Will the Minister state that in another way? What did that production amount to as a percentage of the entire consumption, and what does the new production amount to as a percentage?

Not at the moment. As far as the heavy leather boot is concerned, the boot in respect of the production of which the home factories were effectively protected by the 15 per cent. duty, the factories are probably supplying 50 per cent. at least of the market at present. That does not apply in relation to different classes. The question of a possible segregation of different classes of boots is being examined.

I want to get the figure, because Deputy Norton, I think, completely underestimated the increased production of the home factories since the tariff went on.

Will the Minister say if there will be repayment of any duty already paid on children's shoes?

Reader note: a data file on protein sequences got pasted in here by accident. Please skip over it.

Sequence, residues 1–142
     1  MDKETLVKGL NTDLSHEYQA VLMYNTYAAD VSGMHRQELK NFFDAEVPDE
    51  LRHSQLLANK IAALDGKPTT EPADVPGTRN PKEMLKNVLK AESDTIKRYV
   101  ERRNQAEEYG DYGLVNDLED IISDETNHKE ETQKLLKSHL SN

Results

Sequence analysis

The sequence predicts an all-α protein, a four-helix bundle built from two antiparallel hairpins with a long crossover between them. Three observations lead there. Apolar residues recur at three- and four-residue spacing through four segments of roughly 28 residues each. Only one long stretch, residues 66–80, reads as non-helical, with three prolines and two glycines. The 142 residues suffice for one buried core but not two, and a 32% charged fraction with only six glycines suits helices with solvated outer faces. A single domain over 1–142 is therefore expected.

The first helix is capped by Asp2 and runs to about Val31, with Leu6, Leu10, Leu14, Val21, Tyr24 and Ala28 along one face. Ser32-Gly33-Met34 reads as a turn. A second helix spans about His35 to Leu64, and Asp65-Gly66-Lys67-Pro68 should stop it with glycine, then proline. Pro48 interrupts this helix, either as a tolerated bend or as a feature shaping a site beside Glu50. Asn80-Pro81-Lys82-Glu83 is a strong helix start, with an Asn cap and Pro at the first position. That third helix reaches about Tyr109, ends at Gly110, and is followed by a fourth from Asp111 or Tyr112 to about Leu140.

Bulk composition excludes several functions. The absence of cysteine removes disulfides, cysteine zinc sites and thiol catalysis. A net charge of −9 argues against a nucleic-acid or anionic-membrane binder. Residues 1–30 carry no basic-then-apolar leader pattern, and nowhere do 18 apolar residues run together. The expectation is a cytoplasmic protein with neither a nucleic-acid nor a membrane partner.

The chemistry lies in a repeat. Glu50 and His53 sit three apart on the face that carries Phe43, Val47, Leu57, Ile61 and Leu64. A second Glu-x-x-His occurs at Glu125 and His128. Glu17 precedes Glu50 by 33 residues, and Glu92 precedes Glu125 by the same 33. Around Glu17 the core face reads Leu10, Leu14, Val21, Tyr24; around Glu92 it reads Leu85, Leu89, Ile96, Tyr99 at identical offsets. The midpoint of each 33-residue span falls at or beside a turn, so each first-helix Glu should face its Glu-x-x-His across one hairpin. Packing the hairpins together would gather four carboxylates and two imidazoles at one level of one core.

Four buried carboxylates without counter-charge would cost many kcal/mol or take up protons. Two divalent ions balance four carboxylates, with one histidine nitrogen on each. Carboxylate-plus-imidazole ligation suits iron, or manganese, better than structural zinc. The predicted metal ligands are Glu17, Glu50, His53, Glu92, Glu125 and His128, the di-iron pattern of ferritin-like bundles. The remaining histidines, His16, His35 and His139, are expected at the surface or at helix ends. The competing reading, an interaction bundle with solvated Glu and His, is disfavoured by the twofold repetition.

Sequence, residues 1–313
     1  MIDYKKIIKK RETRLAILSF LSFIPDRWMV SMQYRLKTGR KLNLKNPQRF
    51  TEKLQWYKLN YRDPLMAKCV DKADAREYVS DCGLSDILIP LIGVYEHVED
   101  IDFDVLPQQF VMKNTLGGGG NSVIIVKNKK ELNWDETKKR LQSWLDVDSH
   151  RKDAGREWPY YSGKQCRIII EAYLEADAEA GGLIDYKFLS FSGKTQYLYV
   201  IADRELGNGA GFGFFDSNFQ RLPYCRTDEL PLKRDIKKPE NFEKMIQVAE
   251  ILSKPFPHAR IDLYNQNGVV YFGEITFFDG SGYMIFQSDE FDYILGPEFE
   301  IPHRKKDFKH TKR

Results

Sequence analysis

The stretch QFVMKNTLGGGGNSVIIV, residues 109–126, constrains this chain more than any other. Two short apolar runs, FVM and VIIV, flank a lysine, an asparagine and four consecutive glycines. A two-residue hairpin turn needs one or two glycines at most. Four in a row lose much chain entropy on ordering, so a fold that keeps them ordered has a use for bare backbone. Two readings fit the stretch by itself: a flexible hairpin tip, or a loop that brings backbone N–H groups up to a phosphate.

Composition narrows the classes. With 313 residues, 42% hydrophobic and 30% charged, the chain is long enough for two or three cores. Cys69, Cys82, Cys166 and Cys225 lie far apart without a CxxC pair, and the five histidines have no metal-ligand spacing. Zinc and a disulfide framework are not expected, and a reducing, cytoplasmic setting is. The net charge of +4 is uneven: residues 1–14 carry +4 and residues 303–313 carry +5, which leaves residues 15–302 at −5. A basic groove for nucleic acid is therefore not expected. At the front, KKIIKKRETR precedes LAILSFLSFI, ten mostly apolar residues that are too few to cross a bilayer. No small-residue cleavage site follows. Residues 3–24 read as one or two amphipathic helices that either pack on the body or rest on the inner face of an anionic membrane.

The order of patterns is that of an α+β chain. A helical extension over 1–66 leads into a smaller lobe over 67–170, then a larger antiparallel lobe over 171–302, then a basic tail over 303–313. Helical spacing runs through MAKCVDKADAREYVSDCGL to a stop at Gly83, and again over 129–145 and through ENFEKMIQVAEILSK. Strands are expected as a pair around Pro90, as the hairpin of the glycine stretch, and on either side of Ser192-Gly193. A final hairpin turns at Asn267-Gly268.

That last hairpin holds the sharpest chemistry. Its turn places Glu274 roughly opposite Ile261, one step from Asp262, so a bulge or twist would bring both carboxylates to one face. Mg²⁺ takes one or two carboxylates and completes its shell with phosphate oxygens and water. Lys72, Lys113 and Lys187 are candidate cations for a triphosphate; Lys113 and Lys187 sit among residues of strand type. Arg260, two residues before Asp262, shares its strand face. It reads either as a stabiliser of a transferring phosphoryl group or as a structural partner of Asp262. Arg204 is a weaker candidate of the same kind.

It is repayable.

Will there be any repayment?

The Resolution says: "That any duty which has been paid before the passing of this Resolution on any article which is exempted by virtue of this Resolution from such duty shall be repaid."

Any duty paid on these children's shoes that are now exposed for sale will be refunded?

No. When we made the Provisional Order we could not remove this duty. Any duty which was paid, and which would not have been paid if the Order originally made had contained the modifications which we are now putting in, will be repaid.

It is a little bonus to the shopkeepers. I do not suppose the customers will get it.

Why should they not? After the incitement from Deputy McGilligan to the shopkeepers to raise prices, we are going to have the jails quite full.

Does the Minister believe that if the retailer gets back whatever money is to be paid as a result of this modification he is going to seek out the customers and repay them? It is nonsense.